Philippine Banking System's Stable Outlook Driven By Resilient Domestic Economy – Moody’s

Moody's Investors Service says that its outlook for the Philippine banking system is stable. Moody's previous positive outlook had been in place since 2012, and since then, most of its rated banks have been upgraded, along with the sovereign (Baa2 stable).

"We expect the credit profiles of the Philippine banks to remain stable over the next 12-18 months, supported by steady domestic economic growth, stable asset quality, and strong funding and liquidity profiles," says Simon Chen, a Moody's Vice President -- Senior Analyst.

"However, currently strong capital levels are likely to decline slightly as banks continue to grow their assets to tap demand from segments that had lacked access to credit, particularly the high-yielding consumer segment," adds Chen.

Chen was speaking on Moody's annual outlook update for the Philippines banking system, titled "Banking System Outlook: Philippines - Resilience of Domestic Economy Drives Stable Outlook."

Moody's expects the Philippine economy to maintain growth despite headwinds buffeting global emerging markets; real GDP growth will be 5.7% in 2015, and 6.0% in 2016. Re-accelerating government spending, ongoing infrastructure projects, robust private consumption, strong remittance inflows and an expanding business process outsourcing sector will cushion against China's (Aa3 stable) economic slowdown and weaker merchandise trade.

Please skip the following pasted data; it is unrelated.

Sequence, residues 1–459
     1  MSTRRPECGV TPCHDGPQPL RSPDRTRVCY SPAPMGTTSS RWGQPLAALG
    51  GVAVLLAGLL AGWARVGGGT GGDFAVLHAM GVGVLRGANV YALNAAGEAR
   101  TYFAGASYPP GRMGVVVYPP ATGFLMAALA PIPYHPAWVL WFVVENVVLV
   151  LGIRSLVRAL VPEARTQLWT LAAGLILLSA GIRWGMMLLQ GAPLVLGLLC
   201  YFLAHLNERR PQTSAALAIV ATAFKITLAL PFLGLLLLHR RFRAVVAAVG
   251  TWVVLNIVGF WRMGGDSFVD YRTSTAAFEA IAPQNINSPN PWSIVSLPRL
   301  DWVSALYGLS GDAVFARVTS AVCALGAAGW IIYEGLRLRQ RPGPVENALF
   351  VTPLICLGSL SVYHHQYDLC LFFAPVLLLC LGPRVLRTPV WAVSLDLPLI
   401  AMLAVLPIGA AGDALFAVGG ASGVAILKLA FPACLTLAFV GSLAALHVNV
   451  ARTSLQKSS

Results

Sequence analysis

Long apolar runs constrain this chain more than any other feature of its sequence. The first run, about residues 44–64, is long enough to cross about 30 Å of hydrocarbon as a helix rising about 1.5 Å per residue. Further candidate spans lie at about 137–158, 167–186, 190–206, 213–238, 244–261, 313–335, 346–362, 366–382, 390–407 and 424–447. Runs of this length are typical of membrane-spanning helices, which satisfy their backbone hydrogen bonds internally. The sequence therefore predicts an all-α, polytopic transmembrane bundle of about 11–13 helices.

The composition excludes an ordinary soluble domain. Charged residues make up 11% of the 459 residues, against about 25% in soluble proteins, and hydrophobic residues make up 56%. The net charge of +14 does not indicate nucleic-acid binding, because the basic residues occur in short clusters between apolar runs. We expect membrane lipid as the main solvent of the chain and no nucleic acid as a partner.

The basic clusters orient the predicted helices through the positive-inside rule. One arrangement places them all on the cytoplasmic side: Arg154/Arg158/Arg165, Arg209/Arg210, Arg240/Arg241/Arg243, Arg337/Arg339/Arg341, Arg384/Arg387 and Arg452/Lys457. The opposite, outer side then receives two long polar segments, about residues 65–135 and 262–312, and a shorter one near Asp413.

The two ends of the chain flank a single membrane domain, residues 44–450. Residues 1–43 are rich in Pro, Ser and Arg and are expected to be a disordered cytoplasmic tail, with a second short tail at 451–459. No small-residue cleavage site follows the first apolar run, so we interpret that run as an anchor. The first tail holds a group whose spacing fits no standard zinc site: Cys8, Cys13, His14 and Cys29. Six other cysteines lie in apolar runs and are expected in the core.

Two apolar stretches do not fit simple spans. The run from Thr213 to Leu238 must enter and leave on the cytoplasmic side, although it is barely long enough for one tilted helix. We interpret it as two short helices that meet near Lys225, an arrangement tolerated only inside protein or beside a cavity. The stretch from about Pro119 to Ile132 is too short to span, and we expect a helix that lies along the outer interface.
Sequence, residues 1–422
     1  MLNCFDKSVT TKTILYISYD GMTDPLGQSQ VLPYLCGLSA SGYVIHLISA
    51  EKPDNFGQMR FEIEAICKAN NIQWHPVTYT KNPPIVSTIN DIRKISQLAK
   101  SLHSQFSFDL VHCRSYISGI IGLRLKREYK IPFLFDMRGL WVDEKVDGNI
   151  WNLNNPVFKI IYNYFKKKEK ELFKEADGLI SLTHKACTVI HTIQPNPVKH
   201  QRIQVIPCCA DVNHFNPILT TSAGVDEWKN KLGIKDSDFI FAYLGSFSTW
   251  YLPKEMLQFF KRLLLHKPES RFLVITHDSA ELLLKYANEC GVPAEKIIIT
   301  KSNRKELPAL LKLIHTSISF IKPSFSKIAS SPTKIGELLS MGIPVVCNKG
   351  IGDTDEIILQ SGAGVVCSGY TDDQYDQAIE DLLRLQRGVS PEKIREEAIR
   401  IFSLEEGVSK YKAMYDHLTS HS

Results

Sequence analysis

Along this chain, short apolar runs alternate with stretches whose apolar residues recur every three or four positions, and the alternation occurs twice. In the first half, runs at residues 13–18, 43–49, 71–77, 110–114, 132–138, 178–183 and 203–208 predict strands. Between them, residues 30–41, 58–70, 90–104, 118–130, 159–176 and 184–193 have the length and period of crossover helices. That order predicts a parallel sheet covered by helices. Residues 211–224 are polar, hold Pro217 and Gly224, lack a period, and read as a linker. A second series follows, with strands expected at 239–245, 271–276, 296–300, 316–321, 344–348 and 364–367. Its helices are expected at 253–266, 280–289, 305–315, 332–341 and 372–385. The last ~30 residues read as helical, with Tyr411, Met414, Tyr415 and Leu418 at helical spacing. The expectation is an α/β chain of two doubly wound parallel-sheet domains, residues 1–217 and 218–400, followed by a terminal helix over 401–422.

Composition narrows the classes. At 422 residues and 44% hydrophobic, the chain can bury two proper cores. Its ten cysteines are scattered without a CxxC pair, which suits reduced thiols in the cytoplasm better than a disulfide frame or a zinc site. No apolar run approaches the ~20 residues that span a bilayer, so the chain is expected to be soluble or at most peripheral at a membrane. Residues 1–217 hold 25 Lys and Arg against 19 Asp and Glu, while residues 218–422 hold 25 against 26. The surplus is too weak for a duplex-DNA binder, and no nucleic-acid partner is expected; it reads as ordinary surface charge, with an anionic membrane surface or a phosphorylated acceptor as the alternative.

Although credit expansion is moderating after government-implemented cooling measures, it will remain brisk at 14%-16% over the next 12-18 months from 19% in 2014. However, increases in property prices remain in line with per capita GDP growth, and in Moody's view the Philippines can support a relatively fast pace of loan growth in under-penetrated sectors without experiencing excessive asset risks.

In addition, while credit costs will rise slightly as banks increase their lending to high-yielding segments, asset quality will remain stable, says Moody's. At the same time, increased lending to under-served segments will help widen net interest margins, as banks' total lending to the competitive corporate segment will decrease.

Philippine banks' funding and liquidity remain key credit strengths, notes the rating agency. Deposit growth has broadly kept pace with relatively fast loan growth owing to robust remittance inflows from overseas Filipinos and healthy corporate earnings, including business process outsourcing receipts. The system-wide loan-to-deposit ratio was 63% as of September 2015, a level that is low by global and regional standards. Given ample deposits, the banks' reliance on confidence-sensitive market funding is low.

Finally, Moody's expects government support for the banking system to flow through only in circumstances where there are contagion risks and only to the systemically important banks, considering the Philippine government has been proactive in implementing strict capital and liquidity requirements, and encouraging smaller banks to consolidate.


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